Amos Hyde has yet to be researched in any depth. I do know that by 1871 he had, like many other hand loom weavers in Middleton, given up his trade and he too was working on the railway. However he wasn't working for Stephenson but as a porter at Middleton Junction station. Interestingly his house at 200 Grimshaw Lane was built as a "Club" house. It was not thought that club houses stretched to this part of Middleton. For the record the names and occupations of the club officials who granted his mortgage in 1853, 'Were:- Henry Liddle, Silk Manufacturer: James Wolstencroft, Cotton Spinner; Robert Collinge, Shopkeeper; John Robinson Whitehead, Coal Merchant; Joseph Staveacre, Farmer; James Percival, Silk Weaver; Josiah Wolstencroft, Shopkeeper and James Andrew, Farmer. I shall be very surprised if a fuller investigation of Amos Hyde's family does not produce links with Booth, Taylor or the Lowbands group. As a 28 year old hand-loom weaver with a wife 27, also a hand- loom weaver and a one year old child Dan, it would be feasable, unlike Taylor who had the capital to pay for his house, that they would have opted for a cheaper "two up, two down" house. It must have been a gamble for them in such insecure times to take a larger mortgage 'On a bigger property. It does therefore seem possible that 'other factors, such as being part of a co-operative may well have helped influence them in this decision. I also wonder at the decision of the "club" committee to grant such a loan when two smaller homes housing two families, could have been built for the same cost. It may be that mortgages for larger houses were the norm in Middleton club houses but I suspect not, and that George Booth and the exceptional circumstances of his Lowbands project swung the decision in the granting of this mortgage.
Virtually all the other houses on Grimshaw Lane, even those built at a later date appear to be of the "two up, two down" variety. Considering that, at number 200 Amos Hyde had a wife and son at the time he moved in; at 202, there was just William Taylor and Hannah; and at 204 George Booth and Mary, also with no children, then the decision to build "four up, four down" homes seems to be needlessly extravagant and would seem to indicate that these houses had a duel purpose.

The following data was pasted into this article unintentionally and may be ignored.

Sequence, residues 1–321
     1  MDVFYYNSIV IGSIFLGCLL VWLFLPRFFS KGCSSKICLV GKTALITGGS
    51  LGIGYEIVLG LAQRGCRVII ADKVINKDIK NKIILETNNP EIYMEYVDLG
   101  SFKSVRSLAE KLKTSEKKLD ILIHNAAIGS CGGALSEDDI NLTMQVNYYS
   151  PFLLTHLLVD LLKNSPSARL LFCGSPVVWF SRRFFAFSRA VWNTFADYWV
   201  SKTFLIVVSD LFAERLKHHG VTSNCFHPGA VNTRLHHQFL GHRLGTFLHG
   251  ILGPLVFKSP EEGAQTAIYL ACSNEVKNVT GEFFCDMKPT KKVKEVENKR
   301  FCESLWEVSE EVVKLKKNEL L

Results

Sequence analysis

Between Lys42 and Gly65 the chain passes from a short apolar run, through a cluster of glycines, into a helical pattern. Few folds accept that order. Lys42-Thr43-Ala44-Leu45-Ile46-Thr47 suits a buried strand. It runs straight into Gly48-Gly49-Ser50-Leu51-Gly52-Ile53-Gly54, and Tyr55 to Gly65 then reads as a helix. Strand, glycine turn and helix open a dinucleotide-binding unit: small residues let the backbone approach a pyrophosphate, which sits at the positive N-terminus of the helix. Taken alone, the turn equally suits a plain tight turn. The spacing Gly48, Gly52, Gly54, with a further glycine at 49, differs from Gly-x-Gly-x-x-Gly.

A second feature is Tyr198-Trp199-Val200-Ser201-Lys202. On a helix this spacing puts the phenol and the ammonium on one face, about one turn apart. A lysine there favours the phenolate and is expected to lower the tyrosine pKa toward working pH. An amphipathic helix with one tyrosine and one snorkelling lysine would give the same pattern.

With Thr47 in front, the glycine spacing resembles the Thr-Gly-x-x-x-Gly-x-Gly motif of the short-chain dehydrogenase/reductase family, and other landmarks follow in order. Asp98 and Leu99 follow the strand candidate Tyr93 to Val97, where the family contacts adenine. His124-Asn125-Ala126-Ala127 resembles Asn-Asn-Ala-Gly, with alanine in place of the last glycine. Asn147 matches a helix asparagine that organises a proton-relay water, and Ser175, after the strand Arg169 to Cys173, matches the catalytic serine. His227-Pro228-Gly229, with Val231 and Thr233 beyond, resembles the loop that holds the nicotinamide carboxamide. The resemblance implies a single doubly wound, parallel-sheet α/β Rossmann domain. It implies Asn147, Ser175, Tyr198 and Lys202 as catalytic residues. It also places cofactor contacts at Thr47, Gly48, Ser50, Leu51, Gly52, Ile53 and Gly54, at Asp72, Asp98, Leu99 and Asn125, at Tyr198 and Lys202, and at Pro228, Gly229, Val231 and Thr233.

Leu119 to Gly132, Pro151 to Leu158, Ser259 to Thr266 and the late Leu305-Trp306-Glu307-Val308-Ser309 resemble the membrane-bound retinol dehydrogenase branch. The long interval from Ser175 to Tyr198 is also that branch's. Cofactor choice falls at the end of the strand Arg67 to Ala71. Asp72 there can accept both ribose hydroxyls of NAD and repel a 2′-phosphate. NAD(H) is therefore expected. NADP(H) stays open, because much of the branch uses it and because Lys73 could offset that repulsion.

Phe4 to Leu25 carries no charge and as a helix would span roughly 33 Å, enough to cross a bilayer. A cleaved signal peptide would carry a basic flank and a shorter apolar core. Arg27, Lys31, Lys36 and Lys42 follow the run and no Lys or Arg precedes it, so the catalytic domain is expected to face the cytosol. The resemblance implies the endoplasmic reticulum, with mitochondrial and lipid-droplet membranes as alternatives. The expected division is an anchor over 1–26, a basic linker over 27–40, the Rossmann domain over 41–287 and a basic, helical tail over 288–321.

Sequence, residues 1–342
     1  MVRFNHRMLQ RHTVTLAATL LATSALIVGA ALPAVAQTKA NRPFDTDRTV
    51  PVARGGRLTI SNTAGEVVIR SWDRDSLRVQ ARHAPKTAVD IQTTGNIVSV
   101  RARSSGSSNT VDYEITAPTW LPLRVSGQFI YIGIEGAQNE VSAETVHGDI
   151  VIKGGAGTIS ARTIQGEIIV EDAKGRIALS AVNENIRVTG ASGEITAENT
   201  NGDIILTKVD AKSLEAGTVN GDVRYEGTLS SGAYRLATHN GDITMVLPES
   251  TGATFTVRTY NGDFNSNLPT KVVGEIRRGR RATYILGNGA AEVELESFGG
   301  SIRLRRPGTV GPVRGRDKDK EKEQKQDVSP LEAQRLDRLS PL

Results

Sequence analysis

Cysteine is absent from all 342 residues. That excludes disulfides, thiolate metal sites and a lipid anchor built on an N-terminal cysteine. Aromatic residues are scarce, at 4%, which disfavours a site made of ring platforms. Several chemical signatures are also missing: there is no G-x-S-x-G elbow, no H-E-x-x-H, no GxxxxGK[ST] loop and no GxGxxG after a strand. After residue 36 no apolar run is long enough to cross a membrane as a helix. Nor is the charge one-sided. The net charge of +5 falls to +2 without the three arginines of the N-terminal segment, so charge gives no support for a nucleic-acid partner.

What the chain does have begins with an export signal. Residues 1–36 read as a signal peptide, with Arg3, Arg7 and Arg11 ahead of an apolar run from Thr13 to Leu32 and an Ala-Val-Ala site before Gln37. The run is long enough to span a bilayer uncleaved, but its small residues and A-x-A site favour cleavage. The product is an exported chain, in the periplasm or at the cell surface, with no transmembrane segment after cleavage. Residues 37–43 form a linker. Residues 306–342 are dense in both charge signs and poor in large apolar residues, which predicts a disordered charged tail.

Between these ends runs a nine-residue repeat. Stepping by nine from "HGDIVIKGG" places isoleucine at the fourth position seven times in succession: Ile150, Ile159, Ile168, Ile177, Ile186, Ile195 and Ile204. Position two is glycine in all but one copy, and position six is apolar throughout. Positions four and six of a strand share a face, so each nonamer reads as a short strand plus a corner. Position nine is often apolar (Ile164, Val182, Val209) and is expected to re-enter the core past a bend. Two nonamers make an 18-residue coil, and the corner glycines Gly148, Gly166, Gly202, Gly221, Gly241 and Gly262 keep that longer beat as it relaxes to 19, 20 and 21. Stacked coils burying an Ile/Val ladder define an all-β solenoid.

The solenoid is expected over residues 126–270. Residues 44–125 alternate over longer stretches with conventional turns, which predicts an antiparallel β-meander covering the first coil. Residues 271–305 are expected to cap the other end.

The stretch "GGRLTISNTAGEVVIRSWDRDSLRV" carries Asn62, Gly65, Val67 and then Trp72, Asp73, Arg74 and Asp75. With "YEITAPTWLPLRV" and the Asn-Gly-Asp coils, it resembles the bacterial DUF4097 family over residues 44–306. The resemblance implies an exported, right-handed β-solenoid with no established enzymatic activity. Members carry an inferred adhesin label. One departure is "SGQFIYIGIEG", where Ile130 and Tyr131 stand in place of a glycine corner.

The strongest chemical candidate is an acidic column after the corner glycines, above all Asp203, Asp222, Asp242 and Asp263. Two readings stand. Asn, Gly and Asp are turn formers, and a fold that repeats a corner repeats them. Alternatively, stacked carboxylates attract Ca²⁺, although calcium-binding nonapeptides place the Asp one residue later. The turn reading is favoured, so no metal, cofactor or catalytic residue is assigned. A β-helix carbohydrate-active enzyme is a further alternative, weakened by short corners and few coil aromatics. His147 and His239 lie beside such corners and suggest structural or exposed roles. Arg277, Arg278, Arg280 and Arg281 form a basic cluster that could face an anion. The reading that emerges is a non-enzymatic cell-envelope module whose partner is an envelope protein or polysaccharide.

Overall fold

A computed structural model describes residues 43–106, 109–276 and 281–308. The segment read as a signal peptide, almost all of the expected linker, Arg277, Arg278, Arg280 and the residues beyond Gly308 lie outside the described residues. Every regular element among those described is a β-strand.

The Jacquard loom came to Britain from Lyons, France around 1816-20. This loom had a mechanism which controlled an elaborate system of punched cards and needles and enabled the weaving of intricate patterns and designs way beyond that which was previously possible and took weaving to a new dimension. That was the good news! The bad news was that this mechanism greatly increased the height of the loom to such an extent that it would not fit into many weavers cottages. In some of the homes where it was installed it literally went right through the ceiling. To compensate for this extra height later loom houses were built with higher ceilings in the workrooms.
In an excellent and informative book, "The Architecture of the Domestic System in South East Lancashire" by W. J. Smith. (Who I believe hails from Middleton) he gives the example of a typical Middleton weavers house which had been built specifically to accommodate this extra height. "No's 50 and 52 Boarshaw Road built by Samuel Fielding a corn dealer, shortly before 1846 had this provision and whereas the living rooms were just short of 8 feet in height, the workrooms were 9ft 3ins". If these heights were typical of a "new" Middleton loom-house built for the Jacquard loom, then with 200 and 202 Grimshaw Lane we are certainly in the territory of the afore-mentioned "warping mills, big chambers and four-loom houses".